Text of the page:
Customers don’t care about the seasons…
“They do not care about fall, they do not care about spring, they don’t care what the season is, all they want is something amazing. No one comes in like, ‘Where are the fall collections?’ The woman who says that is living in a tomb. They want to know what is new. Season-less fashion is very important…It was 74 degrees at Christmas in New York City, and nobody wanted a coat. It snowed in March, and it was all daisies and eyelet and flowers and stripes. The customer thinks that’s ridiculous.”

Photography: Alan Lungen

Photography: Alan Lungen

His solution for the fashion calendar…
“It’s not about making clothes faster, making them out of production time schedules…we’re talking about showing the presentations and the fashion shows moving into the season as clothes are dropping into store. Because the customer is following all of the excitement of the presentations, the fashion shows, in real time like we are. And when they see it on social media, and blogs, and even in printed publications, they believe it’s available for them now, to buy. So it’s doing the buys early and moving the shows and presentations forward, closer to the time the clothes are actually being shipped to the stores.”

The revival of menswear…
“We are in a very peacock moment for men. As challenged as a lot of the women’s businesses are right now…[men] have kind of risen as the new peacocks of the street. It was the first business to go away during the recession because they were holding back, but now that things have turned around, the sneaker world, and the idea of athleticism incorporated into ready to wear…has really kind of lifted the idea of guys being dressed. Remember the girls who ate ramen for a month so they could get their Prada and their Chanel handbag? Well, that’s the guys now. They’re kind of not eating so they can get their sneakers, which I think is kind of great. You know what I mean.”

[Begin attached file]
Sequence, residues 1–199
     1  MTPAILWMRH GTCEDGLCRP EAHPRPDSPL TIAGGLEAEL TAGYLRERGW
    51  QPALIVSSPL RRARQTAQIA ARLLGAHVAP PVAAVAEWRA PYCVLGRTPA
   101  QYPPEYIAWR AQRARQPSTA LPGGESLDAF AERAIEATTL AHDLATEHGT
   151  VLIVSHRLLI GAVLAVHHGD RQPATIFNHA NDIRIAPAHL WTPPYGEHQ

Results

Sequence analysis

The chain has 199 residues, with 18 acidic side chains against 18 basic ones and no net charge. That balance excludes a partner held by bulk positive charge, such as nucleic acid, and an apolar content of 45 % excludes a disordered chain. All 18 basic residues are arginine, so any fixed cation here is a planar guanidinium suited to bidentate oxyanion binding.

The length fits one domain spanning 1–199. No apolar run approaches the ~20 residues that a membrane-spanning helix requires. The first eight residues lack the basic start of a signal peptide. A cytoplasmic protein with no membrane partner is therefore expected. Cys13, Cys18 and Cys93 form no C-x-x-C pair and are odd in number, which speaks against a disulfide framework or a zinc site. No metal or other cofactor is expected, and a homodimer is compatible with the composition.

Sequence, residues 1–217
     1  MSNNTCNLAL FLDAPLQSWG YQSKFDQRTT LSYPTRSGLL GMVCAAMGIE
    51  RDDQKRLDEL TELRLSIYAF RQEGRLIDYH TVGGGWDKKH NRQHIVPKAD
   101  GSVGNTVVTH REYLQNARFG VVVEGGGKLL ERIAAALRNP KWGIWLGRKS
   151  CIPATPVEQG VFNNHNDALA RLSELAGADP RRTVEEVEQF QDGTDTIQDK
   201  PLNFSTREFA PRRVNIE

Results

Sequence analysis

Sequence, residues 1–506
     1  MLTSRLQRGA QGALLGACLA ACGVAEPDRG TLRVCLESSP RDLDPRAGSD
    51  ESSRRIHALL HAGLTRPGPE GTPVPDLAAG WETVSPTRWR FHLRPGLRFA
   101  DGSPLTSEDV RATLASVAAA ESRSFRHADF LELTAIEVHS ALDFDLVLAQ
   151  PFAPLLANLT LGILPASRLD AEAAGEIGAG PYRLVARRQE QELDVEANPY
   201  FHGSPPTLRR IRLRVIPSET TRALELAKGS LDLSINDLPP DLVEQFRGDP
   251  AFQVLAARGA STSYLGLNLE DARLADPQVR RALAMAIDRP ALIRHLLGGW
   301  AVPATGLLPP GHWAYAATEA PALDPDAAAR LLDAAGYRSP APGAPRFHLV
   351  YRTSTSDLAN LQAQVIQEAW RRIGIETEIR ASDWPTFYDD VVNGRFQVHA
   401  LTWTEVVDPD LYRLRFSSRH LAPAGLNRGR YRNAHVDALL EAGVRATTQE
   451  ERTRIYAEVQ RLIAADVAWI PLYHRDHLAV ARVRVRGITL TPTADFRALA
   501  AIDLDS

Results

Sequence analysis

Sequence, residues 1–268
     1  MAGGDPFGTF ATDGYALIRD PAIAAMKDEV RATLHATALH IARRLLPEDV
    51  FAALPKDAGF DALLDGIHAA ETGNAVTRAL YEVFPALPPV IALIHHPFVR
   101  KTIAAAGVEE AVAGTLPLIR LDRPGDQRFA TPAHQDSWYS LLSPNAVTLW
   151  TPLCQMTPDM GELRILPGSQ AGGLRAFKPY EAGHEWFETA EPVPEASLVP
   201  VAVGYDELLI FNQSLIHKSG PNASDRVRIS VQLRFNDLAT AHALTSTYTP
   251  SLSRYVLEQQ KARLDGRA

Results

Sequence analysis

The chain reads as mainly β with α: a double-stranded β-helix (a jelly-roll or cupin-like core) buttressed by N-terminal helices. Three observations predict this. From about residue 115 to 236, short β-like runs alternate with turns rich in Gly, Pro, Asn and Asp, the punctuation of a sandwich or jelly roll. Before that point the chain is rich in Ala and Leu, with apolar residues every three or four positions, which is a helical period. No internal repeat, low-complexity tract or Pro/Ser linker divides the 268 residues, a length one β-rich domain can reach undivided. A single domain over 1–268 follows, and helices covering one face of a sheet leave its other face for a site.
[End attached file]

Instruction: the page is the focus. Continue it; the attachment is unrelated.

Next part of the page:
Fast fashion versus the runway…
“[At the shows] in Paris, everything on the runway was olive and camouflage. Camouflage is the leopard print of menswear. Alitalia lost my bag, so I lived five days out of Zara…everything in Zara was olive and camouflage. And I thought, Isn’t it interesting how everyone wants to say that [everyone’s] copied everyone…but [Zara was] in the middle of their sale time with promotional product, and everything that was in their store did not look dissimilar to what was walking the runways? So we can say that fast fashion is taking from the runways, but it also takes a lot of great knowledge to know how to run a successful fast fashion business. When you start to look like the fast fashion on the runway when it’s already in the market, that’s a problem, too. We have to keep the customer hungry.”

The evolution of the customer…